Books on minimalism have a lot of appeal lately, but I’ll never be a straight-up minimalist, since I love books and textiles and music and my pets way too much. (And my pets aren’t clutter; they’re family.) In terms of getting all of my stuff under control, Marie Kondo’s book The Life-changing Magic of Tidying Up was a useful place for me to start, although Kon-Mari’s devotees would probably look at my book collection and consider me a hopeless case. I also got some help from Margareta Magnusson’s wryly humorous The Gentle Art of Swedish Death-Cleaning, which is not morbid at all, but is really about joyously putting your affairs in order so you can get on with living your life. That book has been particularly useful because my current writing project deals humorously with the fraught nature of legacies and inheritance. Magnusson is a bleakly funny, occasionally scolding grandmother, and my favorite quotation from her book is this one: “I have death cleaned so many times for others, I’ll be damned if someone has to death clean for me.” Sadly, I can relate to that.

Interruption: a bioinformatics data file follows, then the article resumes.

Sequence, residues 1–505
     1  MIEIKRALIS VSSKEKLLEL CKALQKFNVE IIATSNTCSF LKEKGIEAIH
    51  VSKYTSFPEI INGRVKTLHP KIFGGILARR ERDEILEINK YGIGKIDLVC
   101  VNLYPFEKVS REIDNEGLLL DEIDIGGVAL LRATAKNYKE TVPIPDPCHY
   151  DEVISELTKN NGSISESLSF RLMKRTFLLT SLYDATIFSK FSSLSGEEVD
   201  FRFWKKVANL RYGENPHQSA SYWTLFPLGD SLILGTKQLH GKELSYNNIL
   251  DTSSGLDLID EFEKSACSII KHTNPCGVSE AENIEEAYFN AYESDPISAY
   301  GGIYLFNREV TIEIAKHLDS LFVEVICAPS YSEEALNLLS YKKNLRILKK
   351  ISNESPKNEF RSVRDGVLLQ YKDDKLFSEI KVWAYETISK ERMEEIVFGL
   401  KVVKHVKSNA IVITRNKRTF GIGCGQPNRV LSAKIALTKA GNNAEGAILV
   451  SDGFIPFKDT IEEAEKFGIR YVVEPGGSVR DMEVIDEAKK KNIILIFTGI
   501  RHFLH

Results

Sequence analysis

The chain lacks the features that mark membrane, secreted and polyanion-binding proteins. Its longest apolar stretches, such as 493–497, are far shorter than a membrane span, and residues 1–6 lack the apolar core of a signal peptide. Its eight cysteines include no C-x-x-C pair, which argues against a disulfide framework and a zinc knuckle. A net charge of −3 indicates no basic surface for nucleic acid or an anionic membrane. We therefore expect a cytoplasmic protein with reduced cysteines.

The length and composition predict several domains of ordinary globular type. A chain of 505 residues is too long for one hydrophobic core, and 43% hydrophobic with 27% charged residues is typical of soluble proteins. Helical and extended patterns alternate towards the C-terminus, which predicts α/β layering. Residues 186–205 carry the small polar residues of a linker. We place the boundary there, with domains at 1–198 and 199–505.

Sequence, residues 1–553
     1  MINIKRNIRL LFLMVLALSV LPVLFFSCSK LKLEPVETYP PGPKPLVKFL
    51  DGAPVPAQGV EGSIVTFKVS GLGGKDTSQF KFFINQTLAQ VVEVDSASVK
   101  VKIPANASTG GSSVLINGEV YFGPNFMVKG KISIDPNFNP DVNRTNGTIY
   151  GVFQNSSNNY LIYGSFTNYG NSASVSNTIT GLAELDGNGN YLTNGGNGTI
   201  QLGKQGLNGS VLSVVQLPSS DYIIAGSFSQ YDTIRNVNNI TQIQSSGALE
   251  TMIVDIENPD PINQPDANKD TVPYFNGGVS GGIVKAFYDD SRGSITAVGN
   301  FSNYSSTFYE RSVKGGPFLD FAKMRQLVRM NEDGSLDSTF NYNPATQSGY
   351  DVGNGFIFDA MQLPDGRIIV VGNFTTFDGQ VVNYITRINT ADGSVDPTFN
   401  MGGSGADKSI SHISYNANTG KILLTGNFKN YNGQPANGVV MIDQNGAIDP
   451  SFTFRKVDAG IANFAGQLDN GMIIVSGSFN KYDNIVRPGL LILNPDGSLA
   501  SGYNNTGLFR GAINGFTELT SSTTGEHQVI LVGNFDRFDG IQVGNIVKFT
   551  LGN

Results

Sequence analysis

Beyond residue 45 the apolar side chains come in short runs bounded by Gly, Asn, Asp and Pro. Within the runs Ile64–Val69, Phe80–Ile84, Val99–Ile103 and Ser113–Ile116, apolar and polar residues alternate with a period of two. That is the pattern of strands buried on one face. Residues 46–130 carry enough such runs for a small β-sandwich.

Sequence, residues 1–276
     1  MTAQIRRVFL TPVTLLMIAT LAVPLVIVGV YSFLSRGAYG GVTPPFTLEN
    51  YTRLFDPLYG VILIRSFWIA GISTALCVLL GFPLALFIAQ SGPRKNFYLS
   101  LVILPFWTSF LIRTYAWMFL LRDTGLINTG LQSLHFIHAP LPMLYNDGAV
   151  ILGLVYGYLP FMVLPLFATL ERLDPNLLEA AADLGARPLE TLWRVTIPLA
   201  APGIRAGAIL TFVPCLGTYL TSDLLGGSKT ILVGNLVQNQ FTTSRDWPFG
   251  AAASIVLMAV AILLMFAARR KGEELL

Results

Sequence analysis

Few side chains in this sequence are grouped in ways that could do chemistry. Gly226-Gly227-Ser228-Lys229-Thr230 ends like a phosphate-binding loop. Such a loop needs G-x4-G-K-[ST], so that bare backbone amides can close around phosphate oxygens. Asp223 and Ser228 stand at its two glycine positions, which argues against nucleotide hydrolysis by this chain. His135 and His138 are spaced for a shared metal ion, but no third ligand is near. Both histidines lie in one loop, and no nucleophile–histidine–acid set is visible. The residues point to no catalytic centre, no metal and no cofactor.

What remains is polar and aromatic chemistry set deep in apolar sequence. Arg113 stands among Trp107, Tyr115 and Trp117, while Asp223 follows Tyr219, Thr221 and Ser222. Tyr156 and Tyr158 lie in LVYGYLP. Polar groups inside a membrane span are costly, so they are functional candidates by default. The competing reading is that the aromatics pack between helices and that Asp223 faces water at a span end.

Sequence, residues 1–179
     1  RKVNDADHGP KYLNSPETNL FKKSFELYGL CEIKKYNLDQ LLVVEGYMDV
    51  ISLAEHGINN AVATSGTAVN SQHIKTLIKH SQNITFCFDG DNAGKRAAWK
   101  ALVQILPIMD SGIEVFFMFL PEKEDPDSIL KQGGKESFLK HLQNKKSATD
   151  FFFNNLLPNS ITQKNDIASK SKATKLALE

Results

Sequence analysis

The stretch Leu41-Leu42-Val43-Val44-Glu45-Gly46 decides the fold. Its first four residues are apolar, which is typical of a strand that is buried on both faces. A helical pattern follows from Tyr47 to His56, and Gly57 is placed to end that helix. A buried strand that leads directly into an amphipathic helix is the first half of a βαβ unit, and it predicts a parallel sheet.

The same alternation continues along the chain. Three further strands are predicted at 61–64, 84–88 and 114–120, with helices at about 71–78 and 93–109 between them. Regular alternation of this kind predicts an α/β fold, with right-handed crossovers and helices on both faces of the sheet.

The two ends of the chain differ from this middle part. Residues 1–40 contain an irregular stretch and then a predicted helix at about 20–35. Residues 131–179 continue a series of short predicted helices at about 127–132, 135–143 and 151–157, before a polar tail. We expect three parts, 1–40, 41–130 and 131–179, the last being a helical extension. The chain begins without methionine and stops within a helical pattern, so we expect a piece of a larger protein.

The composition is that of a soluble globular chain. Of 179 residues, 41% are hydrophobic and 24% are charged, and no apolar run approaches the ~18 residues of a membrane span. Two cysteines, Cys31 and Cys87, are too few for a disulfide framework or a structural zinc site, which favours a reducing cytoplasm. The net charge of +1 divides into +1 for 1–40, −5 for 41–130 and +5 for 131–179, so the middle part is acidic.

The brevity of life also appears as a theme in The New Minimalism: Decluttering and Design for Sustainable, Intentional Living (that’s quite a title!), which reminds us that possessions and obligations are marvelous things, but only the ones we choose intentionally because they bring meaning to our lives. It’s the Goldilocks theory or the principle of lagom: everyone needs to find the “right amount” (for them) to create a meaningful life.

I mostly find meaning in creating things, and at this point I’m finally settled enough that I’m working on a new novel, having swept away enough clutter to see my way forward.

*Not having any friends named Bob, I’ve been waiting for eons to use the phrase “As you know, Bob” in a sentence. So in that sense, our neighborhood bobcat has done me a favor.